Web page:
1920 Rolls Royce Armoured Car Type A

Official Designation: Rolls Royce Armoured Car Mark I Type A

Designer(s): ?

Chassis maker: Rolls Royce (Silver Ghost)

Drive-train: 40/50 hp Rolls Royce (Silver Ghost)

Armoured body maker: ?

Turret maker: ?

Wooden rear deck/storage maker: ?

Armament: Vickers .303 machine gun in turret.

Distinguishing features: Virtually identical to 1920 Rolls Royce except for lack of louvres in radiator doors

User: Great Britain - RAF only in Iraq and Egypt

Number constructed/surviving: ?/?

Notes: Some sources identify the RAF version as "Rolls Royce Armoured Car Type N". “Type A modified” subtype used only by the RAF in Iraq and Egypt distinguished by heavier wheels with broader tyres.



1921 Rolls Royce India Pattern / 1923 Vickers Armoured Car / 1925 Crossley India Pattern

Official Designations: IGL1 (in Indian service), Dowa (Japanese service)

Designer(s): Vickers

Chassis maker: Rolls Royce / Crossley 1.5 ton truck / Crossley 1.5 ton truck

Drive-train: Rolls Royce / Crossley 1.5 ton truck / Crossley 1.5 ton truck

Armoured body maker: Vickers

Turret maker: Vickers

Wooden rear deck/storage maker: Vickers

Armament: Vickers .303 machine gun in turret.

Distinguishing features: Visually similar to 1920 Pattern except turret and rear of vehicle are of distinctly different design, turret is large and bulbous, different wheels (split rim?) with narrow solid rubber tires, louvers in radiator shields, running light mounting location similar to 1920 Pattern but details vary, front fenders vary between types sold to different countries, hull of the 1923 model could be electrified, and ?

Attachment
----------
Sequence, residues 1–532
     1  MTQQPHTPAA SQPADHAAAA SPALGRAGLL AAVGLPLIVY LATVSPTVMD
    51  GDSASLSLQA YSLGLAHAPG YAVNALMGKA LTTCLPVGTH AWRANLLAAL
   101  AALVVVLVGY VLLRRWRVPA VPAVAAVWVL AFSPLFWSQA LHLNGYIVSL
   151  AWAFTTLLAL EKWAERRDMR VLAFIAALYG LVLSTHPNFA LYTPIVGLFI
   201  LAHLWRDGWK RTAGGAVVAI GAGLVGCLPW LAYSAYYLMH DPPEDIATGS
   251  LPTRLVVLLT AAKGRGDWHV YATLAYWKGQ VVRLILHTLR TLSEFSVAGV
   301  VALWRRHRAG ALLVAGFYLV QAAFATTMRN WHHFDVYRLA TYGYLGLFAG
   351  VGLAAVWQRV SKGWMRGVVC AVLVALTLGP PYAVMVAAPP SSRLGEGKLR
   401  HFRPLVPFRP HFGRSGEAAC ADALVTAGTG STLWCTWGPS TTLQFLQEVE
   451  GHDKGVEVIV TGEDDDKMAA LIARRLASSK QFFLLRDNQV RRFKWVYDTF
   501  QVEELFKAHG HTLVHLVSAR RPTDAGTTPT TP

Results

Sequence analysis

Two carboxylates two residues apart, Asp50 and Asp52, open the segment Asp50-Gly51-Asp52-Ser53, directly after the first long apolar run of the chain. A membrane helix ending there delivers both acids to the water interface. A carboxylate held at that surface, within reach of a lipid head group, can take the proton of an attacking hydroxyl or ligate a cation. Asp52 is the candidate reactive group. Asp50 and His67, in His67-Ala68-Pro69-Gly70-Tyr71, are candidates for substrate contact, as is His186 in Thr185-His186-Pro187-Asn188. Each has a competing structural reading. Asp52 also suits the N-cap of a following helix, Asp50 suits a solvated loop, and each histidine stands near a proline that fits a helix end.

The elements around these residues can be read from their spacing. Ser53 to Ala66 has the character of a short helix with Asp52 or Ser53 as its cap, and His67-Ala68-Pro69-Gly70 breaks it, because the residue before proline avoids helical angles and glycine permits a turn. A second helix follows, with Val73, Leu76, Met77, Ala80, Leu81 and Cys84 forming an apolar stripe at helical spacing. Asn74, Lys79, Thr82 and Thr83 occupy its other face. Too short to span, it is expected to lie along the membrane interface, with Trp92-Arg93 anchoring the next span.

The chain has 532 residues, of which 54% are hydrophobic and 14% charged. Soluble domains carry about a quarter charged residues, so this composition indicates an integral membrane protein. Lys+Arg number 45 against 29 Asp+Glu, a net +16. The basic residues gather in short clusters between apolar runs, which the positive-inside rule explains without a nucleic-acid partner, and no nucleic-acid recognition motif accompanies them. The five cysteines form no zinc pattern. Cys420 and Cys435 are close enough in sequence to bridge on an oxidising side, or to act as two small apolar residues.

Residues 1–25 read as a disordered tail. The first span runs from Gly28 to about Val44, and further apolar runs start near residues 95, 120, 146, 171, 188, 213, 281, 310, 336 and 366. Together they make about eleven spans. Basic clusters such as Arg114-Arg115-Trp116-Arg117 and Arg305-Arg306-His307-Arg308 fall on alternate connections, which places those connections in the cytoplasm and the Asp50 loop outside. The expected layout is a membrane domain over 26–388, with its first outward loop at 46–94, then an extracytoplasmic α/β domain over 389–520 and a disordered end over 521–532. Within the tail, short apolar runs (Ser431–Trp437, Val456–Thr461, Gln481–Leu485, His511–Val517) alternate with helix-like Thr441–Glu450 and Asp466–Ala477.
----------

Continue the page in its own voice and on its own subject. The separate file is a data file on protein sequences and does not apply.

Users: Great Britain/India, Argentina, Japan, South Africa, Iran, Iraq (6 wheel version)

Number constructed/surviving: 100?/4 (1 at Bovington Tank Museum, 2 in South Africa, 1 in India)



Rolls Royce 1924 Pattern Armoured Car

Official Designation: Mark II

Designer(s): ?

Chassis maker: Rolls Royce

Drive-train: 66 bhp Rolls Royce

Armoured body maker: ?

Turret maker: ?

Wooden rear deck/storage maker: ?

Armament: Vickers .303 machine gun in turret.

Distinguishing features: Generally similar in appearance to 1920 Pattern but actually totally redesigned (note differences in body shape in front of driving position), steel wheels with wide section tires, new turret design which lacks the sloped sides of the previous Admiralty turret, running lights mounted between fenders and radiator shield but higher than 1920 Pattern, hinged doors in sides, and ?